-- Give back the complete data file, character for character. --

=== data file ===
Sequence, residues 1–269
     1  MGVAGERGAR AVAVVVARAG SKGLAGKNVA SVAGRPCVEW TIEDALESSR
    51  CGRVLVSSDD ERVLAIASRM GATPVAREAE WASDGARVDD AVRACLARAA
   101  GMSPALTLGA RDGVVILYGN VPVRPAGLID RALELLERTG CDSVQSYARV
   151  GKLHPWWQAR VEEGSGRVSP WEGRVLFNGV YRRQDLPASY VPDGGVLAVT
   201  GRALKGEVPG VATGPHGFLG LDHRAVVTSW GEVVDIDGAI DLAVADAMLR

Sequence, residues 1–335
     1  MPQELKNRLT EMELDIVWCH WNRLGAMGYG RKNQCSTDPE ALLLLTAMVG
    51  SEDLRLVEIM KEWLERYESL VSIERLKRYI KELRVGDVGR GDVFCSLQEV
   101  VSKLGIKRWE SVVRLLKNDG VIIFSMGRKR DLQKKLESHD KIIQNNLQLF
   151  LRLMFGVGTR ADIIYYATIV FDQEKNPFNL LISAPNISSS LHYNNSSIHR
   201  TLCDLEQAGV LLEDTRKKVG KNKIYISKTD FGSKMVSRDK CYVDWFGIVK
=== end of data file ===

Sequence, residues 1–269
     1  MGVAGERGAR AVAVVVARAG SKGLAGKNVA SVAGRPCVEW TIEDALESSR
    51  CGRVLVSSDD ERVLAIASRM GATPVAREAE WASDGARVDD AVRACLARAA
   101  GMSPALTLGA RDGVVILYGN VPVRPAGLID RALELLERTG CDSVQSYARV
   151  GKLHPWWQAR VEEGSGRVSP WEGRVLFNGV YRRQDLPASY VPDGGVLAVT
   201  GRALKGEVPG VATGPHGFLG LDHRAVVTSW GEVVDIDGAI DLAVADAMLR

Sequence, residues 1–335
     1  MPQELKNRLT EMELDIVWCH WNRLGAMGYG RKNQCSTDPE ALLLLTAMVG
    51  SEDLRLVEIM KEWLERYESL VSIERLKRYI KELRVGDVGR GDVFCSLQEV
   101  VSKLGIKRWE SVVRLLKNDG VIIFSMGRKR DLQKKLESHD KIIQNNLQLF
   151  LRLMFGVGTR ADIIYYATIV FDQEKNPFNL LISAPNISSS LHYNNSSIHR
   201  TLCDLEQAGV LLEDTRKKVG KNKIYISKTD FGSKMVSRDK CYVDWFGIVK